for some: kick those black lives matter twats off our streets.

for some: lock them furriner terrists up before they bomb my walmart

for some: drop that trade deal that will cost me my job.

But - -the HUGE majority on the street, just want the overall political entity that owns the US -> From the breakfast table to the 4 pillars to be changed.

Not all Trump voters are misogynistic, racist, religious nuts, even if *some* of them are. Most of them are just tax payers who've watched things from the late 80's devolve in the excited snakes and honestly believed that Trump could do something. ANYTHING to change the course the country was on.

Well. I'm quite sure things will change. They always do. Not sure if *any* of us are ready for the ride. But it will happen.

Just a suggestion in my view. If you have any debt anywhere, pay it off. now.

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Re: Times, they are a changin'

Look back at the Obama campaign - the voters then thought they were voting for change.

Did they get it?

Not really. He got some changes through, he didn't get a lot of others he wanted. Chances are, a lot of those changes will be rolled back under the new administration.

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Anonymous Coward

Labels, labels, labels . .

Not for the first time reading an AO piece I find myself baffled by the labels used, e.g. 'a "coalition of elites", such as academics, greens and minorities'.

I'm sorry, since when are minorities an elite? Did I miss a meeting? Either that or 'elites' doesn't mean what I think it does.

Also, every use of the word appears to be pejorative. What about the positive aspects of elites; elite athletes, thinkers, innovators?

I think I grasp what is being attempted to convey but when fairly common words seem to be bearing new and unfamiliar weights I really can't be sure. Since this isn't, in essence, a political site what about speaking in general terms, i.e. normal usage of words, for those of us with a casual interest?

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(Written by Reg staff)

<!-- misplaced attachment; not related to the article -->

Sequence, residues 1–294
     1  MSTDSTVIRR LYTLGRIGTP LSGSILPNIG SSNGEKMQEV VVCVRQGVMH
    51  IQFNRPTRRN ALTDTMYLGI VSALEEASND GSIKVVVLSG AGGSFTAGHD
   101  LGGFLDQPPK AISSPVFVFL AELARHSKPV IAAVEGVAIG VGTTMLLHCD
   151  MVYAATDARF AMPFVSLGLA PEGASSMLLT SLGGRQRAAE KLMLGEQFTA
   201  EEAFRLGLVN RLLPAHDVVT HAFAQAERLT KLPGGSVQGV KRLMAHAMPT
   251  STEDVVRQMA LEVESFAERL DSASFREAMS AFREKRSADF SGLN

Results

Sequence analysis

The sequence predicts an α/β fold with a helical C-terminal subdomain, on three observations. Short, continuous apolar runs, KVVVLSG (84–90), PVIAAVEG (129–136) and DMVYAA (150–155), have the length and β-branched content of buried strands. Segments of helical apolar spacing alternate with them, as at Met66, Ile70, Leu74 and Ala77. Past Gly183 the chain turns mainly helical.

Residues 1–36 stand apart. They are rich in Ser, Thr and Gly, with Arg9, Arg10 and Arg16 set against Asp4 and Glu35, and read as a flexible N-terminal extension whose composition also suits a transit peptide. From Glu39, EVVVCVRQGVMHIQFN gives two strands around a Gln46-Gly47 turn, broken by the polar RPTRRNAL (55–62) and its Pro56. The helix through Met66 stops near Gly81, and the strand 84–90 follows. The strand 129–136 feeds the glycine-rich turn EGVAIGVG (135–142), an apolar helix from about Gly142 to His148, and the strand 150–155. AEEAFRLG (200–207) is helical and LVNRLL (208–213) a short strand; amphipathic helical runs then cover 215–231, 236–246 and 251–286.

Re: Labels, labels, labels . .

"I'm sorry, since when are minorities an elite? Did I miss a meeting?"

A few, by the sound of it.

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Anonymous Coward

Re: Labels, labels, labels . .

The talk of elites is slightly misleading in that what is actually happening is a battle for power between two different elite groups - I thought this was even clearer in the UK for Brexit.

BTW, I liked the comment on the Last Leg yesterday (from memory):

"its true, in America anyone really can be elected president - even a rich white guy"

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Re: Labels, labels, labels . .

"I'm sorry, since when are minorities an elite?"

Oligarchies.

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Re: Labels, labels, labels . .

I would say that the only sense of "minorities" in this context would be that if you add a few members of minority groups into the mix, you can look more diverse than perhaps you are. Having said that, it is as pointless to talk of minorities in that sense as it is to talk of "white privilege" without clarifying whether you mean the coder in Silicon Valley or the miner in West Virginia.

Americans love elites, provided they can determine the grounds of their election. The NFL draft gets a lot of press coverage. Are you a Navy SEAL? Men will in general respect you. Things get murkier when the accomplishments needed for joining the elite are less visible, or involve matters of less interest to most of the population.

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Re: Labels, labels, labels . .

Those elites must be up to no good, why else would the police be shooting them? They must have done something wrong.

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Happy

Re: Labels, labels, labels . .

Well said Andrew.

And nice that you are still here :-)

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Anonymous Coward

Re: Labels, labels, labels . .

By definition, elites ARE a minority.